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Plainview ISD announces 2017-2018 retirees


Plainview High School honored retiring educators Lesle Carlisle (left), Brenda McDonough, and Malinda Gerber with a retirement reception on Wednesday afternoon.

Plainview ISD announces 2017-2018 retirees 


As the 2017 -2018 school year comes to an end, Plainview ISD celebrates the careers of twenty long-term employees who elected to retire during or at the end of this school year. 

This year’s retirees are:

Lesle Carlisle is retiring from 35 years as an educator. She worked for two years as a substitute physical education teacher before joining PHS. She taught Family Consumer Science within the Career and Technical Education (CTE) program. She served as CTE department chair, NTHS sponsor and FCCLA sponsor. She also served on numerous committees including a 31-year stint on the School Health Advisory Committee (SHAC).  Her retirement plans include traveling fishing, and spending more time with her family.  Her words of wisdom to new teachers: “Have a passion for teaching and  for the kids you teach!  Always remember why you do what you do, because when things get tough, that’s what keeps you going.  Surround yourself with positive people and people that love their kids as much as you do.”

Elizabeth Hernandez Is retiring from the position of school counselor at Hillcrest Elementary.  She has been an educator for 18 years and has taught bilingual pre-kindergarten, kindergarten, and first grade.  Before becoming an educator, she did clerical work for a bank, the City of Garland, and in Deaf Smith County.  An eight-year stint as an assistant at a Montessori school brought her to the realization that she wanted to become a teacher. Her plans for retirement are to sleep in, get caught up on gardening, and see where God leads her.  Her words of wisdom: “ Teach with Passion and Compassion.  Don’t get so caught up in teaching that you fail to take time to get to really know your students. They have a story to tell.  Try to uncover your students’ hidden talents, passions and help them believe they are capable of anything.” 

Pat Hill is retiring from a 31-year career in education, 28 of those years at Edgemere Elementary.  Prior to her current position teaching second grade, she taught dyslexia, Chapter 1/Migrant, third grade math, and worked three years as a Thunderbird Elementary paraprofessional.  She plans to spend more time with her grandchildren and to de-clutter her house after retiring. Her words of wisdom to new teachers: “Turn to God when times are tough. Don’t be afraid to ask questions or  for help. Be flexible.”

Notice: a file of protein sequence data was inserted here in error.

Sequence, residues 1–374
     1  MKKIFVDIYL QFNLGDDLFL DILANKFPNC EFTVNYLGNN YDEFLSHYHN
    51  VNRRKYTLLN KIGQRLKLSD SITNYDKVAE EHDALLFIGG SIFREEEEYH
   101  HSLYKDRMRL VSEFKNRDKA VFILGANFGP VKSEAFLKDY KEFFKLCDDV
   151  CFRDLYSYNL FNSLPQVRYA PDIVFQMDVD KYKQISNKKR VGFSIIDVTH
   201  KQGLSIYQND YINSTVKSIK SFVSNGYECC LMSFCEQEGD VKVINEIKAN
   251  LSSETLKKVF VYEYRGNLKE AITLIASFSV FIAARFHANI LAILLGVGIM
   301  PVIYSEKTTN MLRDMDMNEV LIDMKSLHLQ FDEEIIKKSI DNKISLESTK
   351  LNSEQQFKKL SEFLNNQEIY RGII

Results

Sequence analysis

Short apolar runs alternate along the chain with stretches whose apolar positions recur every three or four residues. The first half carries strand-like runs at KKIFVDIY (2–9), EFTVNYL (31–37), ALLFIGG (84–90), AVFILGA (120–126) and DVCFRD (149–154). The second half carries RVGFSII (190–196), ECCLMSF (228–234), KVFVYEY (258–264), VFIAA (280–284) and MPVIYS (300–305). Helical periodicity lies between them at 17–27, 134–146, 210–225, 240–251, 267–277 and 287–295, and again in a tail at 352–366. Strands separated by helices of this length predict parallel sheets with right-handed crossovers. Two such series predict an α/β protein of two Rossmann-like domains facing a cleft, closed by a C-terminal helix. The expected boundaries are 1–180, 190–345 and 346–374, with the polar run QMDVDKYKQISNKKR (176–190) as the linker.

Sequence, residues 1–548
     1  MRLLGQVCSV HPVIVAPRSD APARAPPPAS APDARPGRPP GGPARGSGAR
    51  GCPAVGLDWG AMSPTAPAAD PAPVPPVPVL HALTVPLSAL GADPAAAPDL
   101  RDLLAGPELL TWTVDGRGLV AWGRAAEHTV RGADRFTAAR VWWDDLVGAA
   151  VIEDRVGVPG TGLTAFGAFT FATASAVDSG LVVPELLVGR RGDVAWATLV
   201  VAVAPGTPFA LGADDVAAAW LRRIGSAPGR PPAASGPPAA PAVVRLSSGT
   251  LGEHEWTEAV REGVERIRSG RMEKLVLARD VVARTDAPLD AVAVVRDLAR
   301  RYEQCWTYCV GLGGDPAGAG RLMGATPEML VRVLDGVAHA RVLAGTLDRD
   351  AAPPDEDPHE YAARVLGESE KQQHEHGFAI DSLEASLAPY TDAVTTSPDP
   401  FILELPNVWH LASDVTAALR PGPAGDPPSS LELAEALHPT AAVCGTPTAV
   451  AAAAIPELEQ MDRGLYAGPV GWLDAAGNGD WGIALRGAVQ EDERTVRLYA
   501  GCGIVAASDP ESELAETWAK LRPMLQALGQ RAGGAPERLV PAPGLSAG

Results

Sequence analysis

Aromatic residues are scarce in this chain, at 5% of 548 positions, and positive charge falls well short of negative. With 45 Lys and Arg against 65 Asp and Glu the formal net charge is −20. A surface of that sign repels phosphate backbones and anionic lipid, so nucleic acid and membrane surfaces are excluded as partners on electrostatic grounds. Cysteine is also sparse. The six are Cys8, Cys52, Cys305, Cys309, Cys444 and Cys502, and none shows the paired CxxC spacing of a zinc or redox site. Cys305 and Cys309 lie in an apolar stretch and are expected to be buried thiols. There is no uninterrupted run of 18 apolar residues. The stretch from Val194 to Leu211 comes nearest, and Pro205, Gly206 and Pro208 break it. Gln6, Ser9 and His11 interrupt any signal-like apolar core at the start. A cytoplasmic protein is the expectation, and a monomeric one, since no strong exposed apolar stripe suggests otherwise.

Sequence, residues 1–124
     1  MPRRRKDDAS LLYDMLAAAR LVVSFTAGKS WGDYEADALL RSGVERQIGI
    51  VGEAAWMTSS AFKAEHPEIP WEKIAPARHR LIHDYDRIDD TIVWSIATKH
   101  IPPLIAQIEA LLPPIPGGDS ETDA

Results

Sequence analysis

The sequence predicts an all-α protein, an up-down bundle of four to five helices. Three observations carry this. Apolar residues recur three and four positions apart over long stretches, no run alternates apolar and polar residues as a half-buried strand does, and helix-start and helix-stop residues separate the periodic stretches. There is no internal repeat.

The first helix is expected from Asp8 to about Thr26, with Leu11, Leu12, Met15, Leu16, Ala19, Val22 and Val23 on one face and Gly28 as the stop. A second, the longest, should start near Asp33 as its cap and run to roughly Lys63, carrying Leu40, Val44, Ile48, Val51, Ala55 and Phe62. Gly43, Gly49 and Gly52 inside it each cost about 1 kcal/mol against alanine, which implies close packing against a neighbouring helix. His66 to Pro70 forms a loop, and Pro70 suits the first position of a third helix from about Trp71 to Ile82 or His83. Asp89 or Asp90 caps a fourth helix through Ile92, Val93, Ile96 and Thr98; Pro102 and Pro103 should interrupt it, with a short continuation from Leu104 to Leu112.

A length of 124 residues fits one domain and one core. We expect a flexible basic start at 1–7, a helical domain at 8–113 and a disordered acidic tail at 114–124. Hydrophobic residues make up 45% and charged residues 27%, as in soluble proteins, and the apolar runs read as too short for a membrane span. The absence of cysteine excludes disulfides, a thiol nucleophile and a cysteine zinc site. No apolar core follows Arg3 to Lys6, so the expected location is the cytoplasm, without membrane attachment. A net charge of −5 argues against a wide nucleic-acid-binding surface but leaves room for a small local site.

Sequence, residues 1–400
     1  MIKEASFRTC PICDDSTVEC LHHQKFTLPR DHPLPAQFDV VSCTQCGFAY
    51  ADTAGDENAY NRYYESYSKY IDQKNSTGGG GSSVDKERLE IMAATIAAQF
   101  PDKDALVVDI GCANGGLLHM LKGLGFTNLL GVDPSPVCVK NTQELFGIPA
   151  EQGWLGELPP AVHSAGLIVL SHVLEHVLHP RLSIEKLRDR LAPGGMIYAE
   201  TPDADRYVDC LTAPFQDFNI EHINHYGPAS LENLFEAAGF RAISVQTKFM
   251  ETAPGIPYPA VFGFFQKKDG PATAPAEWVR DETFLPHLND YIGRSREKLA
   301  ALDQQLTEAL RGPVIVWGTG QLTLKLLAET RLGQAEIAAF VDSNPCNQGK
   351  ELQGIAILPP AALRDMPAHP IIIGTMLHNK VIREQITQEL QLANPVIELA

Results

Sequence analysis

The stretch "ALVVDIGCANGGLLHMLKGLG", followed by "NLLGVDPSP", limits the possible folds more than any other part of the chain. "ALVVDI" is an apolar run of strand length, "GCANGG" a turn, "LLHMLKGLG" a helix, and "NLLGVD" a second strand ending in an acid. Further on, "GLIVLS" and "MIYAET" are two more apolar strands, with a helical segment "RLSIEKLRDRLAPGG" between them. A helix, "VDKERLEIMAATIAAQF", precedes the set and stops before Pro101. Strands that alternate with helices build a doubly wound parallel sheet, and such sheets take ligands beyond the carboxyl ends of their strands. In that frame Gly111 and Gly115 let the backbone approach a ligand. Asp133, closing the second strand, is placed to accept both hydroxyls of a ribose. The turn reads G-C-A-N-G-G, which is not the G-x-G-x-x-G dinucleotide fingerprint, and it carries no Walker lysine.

Rebecca Hilliard devoted a total of 19 years to the district,  the last 14 years to teaching  6th, 7th, and 8th grade science at Coronado.  She was the head of the science department for three years and on the PBIS committee for four years. She has also worked with UIL science and math and the National Honor Society.  Prior to becoming a teacher, she worked as a teaching assistant for  three years and substitute taught for two years.  She hopes to have greater opportunities to travel in retirement.  Her words of wisdom to new teachers:  “It is a profession worth doing.  You will make a difference!”

Brenda McDonough is completing a career of 32 years as an educator, 27 of those years with Plainview ISD. She began her career as an English teacher at Crosbyton Junior High. She taught keyboarding briefly at Plainview High School, but devoted most of her career to teaching on-level and pre-AP English II at Plainview High School. Her retirement plans are to clean out closets and organize her home. She also hopes to do some traveling with her recently retired husband, former Plainview Herald editor Doug McDonough.  Her words of encouragement to new teachers: “I strongly suggest to new teachers to be organized.  This will make your teaching life much easier.  Be dedicated.  Teaching is not an easy job, but our kids deserve for us to be dedicated to this profession. “

Marcie Owens is retiring from a 22-year career with Plainview ISD. She began her career as an English teacher at Estacado Junior High. She accepted the position of counselor at Plainview High School in 1999, moving to the counselor’s position at Estacado Middle School in 2010. Her retirement plans include spending  more unhurried time with her grandchildren, reading through a long list of books, working in her garden, and traveling.  She and her husband already have a trip to  New England planned to enjoy the fall foliage.

Maria Pena, is retiring from a 22-year career as a middle school math teacher.  She taught 17 years at Coronado Middle School where she also served as a department head and team leader. She moved to Estacado as a 7th grade math teacher five years ago.  Education was her second career; she was a secretary at a CPA firm before deciding to become a teacher.  Her retirement plans are to spend time with her granddaughter and care for her mother and mother-in-law.  Her words of wisdom to new teachers: “Teaching is a calling that requires patience and love.   It is the most rewarding career because you truly inspire others to do the same.” 

Carmen Perez is retiring as a 30-year career educator, all those years with the Plainview ISD. She spent 6 years as an assistant physical education coach at College Hill, 20 years as a bilingual kindergarten teacher at Highland, and 4 years as a bilingual pre-kindergarten teacher at La Mesa Elementary.